If I'm being honest, I'm not much of a music video guy. But, I must admit, this hectic new clip from Peroxide Blonde—for the first of two recently released singles, "Bright Manhattan"—not only avoids irritation, but actually manages to widen one's interpretation of the composition itself.
For one thing, the footage being quite literally dark strikes as a peculiar approach for a song called "Bright Manhattan"—at least on the surface. But something about that decision draws more focus toward the lyrics, which already lean away from any shed of brightness, in what was more than likely an intentionally ironic twist all along. And the fast-paced constancy of the cuts really highlights what can otherwise be a slightly subdued sense of anxiety within the track, especially amidst the rhythm section.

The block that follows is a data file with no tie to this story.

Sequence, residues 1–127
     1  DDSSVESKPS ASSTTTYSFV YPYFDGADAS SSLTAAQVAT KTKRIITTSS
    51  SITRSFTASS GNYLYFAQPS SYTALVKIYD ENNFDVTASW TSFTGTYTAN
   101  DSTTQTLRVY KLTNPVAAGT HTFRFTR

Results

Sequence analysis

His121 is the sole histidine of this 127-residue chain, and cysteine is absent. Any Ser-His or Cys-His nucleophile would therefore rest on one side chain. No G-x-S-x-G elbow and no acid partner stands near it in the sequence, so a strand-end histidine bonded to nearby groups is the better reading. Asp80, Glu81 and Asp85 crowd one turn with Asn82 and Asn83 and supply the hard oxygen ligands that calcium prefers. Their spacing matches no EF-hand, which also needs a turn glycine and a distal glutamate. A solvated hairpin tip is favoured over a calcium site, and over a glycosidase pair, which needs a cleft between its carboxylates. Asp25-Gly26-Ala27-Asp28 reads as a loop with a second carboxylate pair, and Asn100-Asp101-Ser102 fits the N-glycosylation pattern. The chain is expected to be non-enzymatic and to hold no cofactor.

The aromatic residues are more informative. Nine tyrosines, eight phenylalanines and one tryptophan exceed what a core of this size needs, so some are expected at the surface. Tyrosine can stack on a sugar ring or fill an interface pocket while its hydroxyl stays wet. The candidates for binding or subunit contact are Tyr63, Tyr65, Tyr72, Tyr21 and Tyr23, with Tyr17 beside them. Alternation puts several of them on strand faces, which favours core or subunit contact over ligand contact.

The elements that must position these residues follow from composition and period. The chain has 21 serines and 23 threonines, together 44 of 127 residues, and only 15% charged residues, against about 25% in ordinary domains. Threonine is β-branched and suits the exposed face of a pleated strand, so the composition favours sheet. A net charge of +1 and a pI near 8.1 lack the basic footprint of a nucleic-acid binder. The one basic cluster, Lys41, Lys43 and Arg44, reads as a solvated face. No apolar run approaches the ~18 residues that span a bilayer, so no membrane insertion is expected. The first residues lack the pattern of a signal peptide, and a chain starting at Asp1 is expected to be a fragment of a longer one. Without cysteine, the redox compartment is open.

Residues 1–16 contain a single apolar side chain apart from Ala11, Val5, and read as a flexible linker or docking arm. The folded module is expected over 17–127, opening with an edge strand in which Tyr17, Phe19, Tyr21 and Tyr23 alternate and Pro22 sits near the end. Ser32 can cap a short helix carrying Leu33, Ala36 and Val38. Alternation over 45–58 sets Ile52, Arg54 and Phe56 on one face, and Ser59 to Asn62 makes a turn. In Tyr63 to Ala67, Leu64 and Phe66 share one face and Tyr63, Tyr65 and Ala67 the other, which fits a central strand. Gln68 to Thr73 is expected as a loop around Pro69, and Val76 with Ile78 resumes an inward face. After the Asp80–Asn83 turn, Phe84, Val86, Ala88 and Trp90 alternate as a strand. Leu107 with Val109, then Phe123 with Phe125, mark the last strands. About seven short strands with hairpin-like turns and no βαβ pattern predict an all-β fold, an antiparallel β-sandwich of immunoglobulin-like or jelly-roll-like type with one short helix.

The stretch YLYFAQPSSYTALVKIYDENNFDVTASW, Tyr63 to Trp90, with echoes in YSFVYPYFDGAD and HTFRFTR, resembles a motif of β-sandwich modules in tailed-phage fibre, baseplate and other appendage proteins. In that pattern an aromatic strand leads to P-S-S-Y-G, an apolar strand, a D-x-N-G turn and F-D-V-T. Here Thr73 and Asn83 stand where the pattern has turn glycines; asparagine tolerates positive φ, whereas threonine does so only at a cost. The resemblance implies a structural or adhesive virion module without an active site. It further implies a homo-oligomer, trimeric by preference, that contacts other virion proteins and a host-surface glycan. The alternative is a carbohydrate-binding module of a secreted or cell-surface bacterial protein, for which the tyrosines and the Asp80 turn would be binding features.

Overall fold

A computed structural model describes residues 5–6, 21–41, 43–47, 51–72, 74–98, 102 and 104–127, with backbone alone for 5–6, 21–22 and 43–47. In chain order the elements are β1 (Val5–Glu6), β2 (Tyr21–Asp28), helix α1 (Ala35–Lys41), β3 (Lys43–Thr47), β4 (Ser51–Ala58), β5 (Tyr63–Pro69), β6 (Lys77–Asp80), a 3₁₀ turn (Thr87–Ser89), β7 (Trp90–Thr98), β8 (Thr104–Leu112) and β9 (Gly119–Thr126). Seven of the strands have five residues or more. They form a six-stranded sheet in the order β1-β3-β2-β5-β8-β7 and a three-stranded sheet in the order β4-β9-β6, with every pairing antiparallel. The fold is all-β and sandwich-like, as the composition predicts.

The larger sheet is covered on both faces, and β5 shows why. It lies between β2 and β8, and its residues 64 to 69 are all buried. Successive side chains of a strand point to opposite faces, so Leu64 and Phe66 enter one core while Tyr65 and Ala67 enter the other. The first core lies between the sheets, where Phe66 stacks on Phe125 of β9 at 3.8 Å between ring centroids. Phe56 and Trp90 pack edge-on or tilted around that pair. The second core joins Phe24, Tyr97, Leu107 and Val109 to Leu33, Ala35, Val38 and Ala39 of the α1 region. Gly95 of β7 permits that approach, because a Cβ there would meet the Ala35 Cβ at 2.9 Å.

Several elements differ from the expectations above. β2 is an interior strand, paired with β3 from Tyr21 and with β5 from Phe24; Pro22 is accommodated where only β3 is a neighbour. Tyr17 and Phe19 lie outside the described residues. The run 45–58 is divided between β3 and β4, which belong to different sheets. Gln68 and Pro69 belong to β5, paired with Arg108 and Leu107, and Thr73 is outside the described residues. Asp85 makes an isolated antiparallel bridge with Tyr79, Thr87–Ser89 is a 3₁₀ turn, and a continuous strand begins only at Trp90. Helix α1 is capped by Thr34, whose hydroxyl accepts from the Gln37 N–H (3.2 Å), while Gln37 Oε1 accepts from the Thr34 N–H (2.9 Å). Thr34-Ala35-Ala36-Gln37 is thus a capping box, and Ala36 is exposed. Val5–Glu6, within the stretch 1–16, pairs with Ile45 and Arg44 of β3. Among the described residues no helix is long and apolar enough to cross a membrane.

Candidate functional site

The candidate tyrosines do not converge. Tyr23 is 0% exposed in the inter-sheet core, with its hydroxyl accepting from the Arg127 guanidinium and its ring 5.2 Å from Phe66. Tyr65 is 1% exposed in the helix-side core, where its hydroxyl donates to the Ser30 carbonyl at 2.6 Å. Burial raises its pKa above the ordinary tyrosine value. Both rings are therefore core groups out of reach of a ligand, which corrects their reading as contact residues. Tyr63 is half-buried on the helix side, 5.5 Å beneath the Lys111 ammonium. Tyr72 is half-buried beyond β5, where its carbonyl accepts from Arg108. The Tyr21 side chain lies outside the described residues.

About the piece, bassist Abigail Poppke offered the following:
"Bright Manhattan" is short and fast-paced, so the video has a lot of quick shots and choppy editing to match the song's energy. Liam [Boyle, drums] edited it and did a great job using a ton of footage to match the rhythm of the song. It's supposed to feel relentless and aggressive.
It's definitely not a polished video. This was my first time directing, I shot it on a camcorder, and I didn't really plan what we were going to film. I knew we'd film it around NYC and out in Montauk, and that Johnny [Poppke, guitar/vocals] would be talking on the phone throughout the video, but that's about it.
I think people sometimes have difficulty categorizing our music, so I wanted to use the visuals to show what our band is about.